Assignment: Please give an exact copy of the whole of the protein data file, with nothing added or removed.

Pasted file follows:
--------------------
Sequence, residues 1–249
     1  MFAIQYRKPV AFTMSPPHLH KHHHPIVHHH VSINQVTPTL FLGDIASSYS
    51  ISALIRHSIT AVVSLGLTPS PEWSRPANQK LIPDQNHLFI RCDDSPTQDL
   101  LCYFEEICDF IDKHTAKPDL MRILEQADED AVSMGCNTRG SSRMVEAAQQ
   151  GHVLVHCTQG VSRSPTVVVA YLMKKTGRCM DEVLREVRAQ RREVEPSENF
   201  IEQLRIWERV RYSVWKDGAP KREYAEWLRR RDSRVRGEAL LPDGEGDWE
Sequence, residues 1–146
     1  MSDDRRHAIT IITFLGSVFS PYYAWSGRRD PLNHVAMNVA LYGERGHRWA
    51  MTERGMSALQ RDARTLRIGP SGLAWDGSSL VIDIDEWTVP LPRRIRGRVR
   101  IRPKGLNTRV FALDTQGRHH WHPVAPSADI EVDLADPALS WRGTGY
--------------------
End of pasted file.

Sequence, residues 1–249
     1  MFAIQYRKPV AFTMSPPHLH KHHHPIVHHH VSINQVTPTL FLGDIASSYS
    51  ISALIRHSIT AVVSLGLTPS PEWSRPANQK LIPDQNHLFI RCDDSPTQDL
   101  LCYFEEICDF IDKHTAKPDL MRILEQADED AVSMGCNTRG SSRMVEAAQQ
   151  GHVLVHCTQG VSRSPTVVVA YLMKKTGRCM DEVLREVRAQ RREVEPSENF
   201  IEQLRIWERV RYSVWKDGAP KREYAEWLRR RDSRVRGEAL LPDGEGDWE
Sequence, residues 1–146
     1  MSDDRRHAIT IITFLGSVFS PYYAWSGRRD PLNHVAMNVA LYGERGHRWA
    51  MTERGMSALQ RDARTLRIGP SGLAWDGSSL VIDIDEWTVP LPRRIRGRVR
   101  IRPKGLNTRV FALDTQGRHH WHPVAPSADI EVDLADPALS WRGTGY